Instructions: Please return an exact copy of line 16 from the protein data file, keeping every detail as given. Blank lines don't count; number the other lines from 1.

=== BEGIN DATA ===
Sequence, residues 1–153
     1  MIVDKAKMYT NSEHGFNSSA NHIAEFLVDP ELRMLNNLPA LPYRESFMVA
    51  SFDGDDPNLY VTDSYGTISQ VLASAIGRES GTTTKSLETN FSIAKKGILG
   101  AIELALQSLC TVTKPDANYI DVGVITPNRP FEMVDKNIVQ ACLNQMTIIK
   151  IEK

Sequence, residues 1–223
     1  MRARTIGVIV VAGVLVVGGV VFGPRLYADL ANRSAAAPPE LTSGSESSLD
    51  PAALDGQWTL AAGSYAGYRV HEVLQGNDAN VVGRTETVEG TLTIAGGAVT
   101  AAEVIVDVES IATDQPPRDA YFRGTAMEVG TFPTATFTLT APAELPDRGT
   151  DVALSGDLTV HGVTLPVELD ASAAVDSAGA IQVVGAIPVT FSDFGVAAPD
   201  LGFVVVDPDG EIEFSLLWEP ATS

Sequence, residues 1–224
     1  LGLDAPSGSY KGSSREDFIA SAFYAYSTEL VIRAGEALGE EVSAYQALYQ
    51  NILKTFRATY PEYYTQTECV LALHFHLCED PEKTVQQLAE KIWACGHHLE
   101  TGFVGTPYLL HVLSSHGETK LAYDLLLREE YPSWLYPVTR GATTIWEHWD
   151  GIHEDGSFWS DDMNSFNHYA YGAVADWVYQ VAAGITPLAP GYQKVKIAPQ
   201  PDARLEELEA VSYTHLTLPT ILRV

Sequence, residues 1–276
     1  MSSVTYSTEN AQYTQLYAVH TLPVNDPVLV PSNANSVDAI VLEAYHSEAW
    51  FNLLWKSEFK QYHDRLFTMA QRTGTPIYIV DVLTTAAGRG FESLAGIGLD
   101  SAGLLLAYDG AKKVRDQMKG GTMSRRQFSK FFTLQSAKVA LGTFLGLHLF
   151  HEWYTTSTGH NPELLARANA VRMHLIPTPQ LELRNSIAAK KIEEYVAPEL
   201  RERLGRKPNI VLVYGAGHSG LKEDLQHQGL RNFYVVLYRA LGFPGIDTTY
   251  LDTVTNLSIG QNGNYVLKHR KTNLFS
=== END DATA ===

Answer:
   151  GIHEDGSFWS DDMNSFNHYA YGAVADWVYQ VAAGITPLAP GYQKVKIAPQ